I've also insulated the outside surfaces of the acrylic sheet cover - where the lamp does not come into contact with - to further reduce heat gain from outside.

Hope this helps.

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An engineering friend did a bit of research for me, and gave me a lot of very good advice. The big thing I took away from all of it is that I was fighting a losing battle with my house's ambient temperature. Getting the terrarium down in the feasible range that I wanted (around 60 degrees F) was just going to be pretty difficult.

The solution I went with ended up being that I'd be better off placing the terrarium in a place where the ambient temperature would help and not hinder the process.

In my old home that was a cellar. Thus, I decided to try creating an artificial cellar.

I talked to some hydroponics fellows, and they mentioned how a grow tent could do a decent job of keeping a temperature in. That paired with a portable air conditioning unit might get me what I wanted.

All that, and it kind of looks like a monolith.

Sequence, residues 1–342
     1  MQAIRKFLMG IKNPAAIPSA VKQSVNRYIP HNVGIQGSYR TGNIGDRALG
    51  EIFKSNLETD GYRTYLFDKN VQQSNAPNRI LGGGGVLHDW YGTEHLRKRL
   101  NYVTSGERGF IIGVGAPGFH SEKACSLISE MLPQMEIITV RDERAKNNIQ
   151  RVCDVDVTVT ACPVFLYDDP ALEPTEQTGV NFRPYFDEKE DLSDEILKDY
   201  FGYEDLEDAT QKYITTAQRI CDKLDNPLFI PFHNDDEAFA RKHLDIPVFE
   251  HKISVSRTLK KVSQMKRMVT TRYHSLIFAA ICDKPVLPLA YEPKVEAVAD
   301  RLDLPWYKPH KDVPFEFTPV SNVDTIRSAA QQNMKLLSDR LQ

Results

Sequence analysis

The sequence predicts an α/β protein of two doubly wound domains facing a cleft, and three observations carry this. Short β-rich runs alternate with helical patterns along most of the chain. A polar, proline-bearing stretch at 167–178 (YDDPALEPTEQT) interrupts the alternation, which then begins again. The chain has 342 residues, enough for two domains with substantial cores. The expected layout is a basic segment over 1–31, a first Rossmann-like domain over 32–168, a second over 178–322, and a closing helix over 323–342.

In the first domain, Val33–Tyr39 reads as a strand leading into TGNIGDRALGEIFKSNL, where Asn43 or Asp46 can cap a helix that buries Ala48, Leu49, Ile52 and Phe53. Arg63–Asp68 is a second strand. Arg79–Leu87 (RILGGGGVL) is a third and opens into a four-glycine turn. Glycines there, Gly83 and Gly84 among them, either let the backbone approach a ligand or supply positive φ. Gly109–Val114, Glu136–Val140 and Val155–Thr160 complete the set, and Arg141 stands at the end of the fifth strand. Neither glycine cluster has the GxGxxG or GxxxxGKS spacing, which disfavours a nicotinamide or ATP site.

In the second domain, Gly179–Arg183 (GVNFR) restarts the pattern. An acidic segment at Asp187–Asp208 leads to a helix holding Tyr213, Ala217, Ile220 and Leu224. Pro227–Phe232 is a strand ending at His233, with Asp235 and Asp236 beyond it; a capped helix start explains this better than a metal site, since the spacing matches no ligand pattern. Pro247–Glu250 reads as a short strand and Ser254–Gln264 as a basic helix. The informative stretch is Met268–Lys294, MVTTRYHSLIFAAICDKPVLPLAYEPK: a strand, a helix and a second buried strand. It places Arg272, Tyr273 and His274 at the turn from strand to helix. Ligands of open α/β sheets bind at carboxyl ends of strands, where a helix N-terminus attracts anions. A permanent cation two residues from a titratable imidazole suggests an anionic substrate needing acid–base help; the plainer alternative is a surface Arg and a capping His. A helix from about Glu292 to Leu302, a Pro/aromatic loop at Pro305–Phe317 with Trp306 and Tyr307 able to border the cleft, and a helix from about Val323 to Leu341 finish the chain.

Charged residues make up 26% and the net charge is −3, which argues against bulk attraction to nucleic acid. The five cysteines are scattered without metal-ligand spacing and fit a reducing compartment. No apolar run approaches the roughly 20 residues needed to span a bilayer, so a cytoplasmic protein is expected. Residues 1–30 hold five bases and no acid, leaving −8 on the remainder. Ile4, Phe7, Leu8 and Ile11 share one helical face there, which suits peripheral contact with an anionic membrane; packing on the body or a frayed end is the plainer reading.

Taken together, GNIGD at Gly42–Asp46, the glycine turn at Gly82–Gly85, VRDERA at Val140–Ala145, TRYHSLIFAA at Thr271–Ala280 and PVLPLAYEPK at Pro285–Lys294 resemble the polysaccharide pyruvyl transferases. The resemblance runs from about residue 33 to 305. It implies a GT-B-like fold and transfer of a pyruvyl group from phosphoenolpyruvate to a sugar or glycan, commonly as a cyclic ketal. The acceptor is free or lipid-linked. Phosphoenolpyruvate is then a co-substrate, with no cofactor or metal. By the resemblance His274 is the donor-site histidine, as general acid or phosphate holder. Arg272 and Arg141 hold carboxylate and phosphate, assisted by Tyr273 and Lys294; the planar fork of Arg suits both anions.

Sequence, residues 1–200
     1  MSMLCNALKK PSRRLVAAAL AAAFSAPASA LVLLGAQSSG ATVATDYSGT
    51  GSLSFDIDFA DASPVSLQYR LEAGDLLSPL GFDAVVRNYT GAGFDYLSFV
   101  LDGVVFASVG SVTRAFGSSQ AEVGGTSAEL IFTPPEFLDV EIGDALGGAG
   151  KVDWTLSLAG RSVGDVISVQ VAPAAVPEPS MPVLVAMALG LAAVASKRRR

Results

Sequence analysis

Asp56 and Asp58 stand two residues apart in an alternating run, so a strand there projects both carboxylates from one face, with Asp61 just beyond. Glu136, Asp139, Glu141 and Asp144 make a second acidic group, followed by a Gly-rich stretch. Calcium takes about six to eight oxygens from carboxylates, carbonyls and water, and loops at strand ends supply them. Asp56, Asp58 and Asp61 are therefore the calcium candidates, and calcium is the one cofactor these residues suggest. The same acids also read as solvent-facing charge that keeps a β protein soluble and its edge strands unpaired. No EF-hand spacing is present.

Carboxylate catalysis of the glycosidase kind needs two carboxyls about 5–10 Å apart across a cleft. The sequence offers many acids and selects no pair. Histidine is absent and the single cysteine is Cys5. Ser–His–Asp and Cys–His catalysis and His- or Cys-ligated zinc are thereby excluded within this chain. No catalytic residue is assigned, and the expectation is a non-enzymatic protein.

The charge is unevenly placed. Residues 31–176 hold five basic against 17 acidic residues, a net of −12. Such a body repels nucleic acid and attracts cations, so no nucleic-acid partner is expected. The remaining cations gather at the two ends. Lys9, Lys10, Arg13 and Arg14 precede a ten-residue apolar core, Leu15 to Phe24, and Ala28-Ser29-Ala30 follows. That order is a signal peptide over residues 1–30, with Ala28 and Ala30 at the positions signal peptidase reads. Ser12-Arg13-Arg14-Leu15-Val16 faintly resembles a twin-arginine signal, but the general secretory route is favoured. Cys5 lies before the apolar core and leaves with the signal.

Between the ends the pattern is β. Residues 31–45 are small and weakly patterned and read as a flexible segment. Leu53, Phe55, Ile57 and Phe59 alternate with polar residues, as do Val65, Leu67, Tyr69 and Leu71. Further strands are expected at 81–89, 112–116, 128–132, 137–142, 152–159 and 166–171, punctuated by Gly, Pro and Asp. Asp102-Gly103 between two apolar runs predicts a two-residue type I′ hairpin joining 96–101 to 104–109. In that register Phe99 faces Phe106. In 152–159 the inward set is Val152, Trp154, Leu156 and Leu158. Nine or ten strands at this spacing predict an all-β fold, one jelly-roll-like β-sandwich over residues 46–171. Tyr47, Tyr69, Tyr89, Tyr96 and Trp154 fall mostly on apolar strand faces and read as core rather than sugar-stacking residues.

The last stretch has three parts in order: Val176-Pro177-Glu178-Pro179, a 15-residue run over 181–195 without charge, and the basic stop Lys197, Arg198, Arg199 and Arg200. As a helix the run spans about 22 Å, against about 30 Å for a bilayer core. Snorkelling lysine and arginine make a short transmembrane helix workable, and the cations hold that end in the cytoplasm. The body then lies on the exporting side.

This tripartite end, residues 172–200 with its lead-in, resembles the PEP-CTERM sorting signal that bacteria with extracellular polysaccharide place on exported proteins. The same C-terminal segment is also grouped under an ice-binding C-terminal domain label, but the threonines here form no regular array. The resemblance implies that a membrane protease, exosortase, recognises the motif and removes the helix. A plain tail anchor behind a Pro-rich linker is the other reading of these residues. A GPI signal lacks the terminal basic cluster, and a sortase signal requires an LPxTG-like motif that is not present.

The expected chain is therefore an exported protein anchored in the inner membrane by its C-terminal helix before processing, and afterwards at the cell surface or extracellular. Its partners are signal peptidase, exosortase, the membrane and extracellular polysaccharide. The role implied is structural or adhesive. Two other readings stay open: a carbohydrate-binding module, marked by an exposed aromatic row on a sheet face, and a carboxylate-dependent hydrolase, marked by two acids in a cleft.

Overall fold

doomcube.jpg

Its size is 4x4x7, but let's peek inside, shall we?

opening.jpg

Inside, there's the control tower. The air conditioner sits on top because the venting tube needs to reach a window, and longer tubes can decrease efficiency. You can also see where I've taped up vents to insulate the tent.

controltower.jpg

The side of the grow tent, showing the vent leading to a window.

airvent.jpg

Electrical stuffs (+ cat tail). I still need to clean this up a bit to make sure it's all organized. The timers are there to control the two sets of fluorescent lights, and the rest of the plugs are for the terrarium humidifiers and fan.

electronics.jpg

The tank currently sits on the bottom of the tent (where the colder air will gather).

planttank.jpg

I also ran a tube of air from the AC directly to the terrarium (although I need to check just how much this helps). The AC has an auto setting and a cool setting. I just wish the auto-setting worked a bit better. I set it for 62 and the thing just stops around 72. I've taken to switching it to auto during the day and cool during the night.

acvent.jpg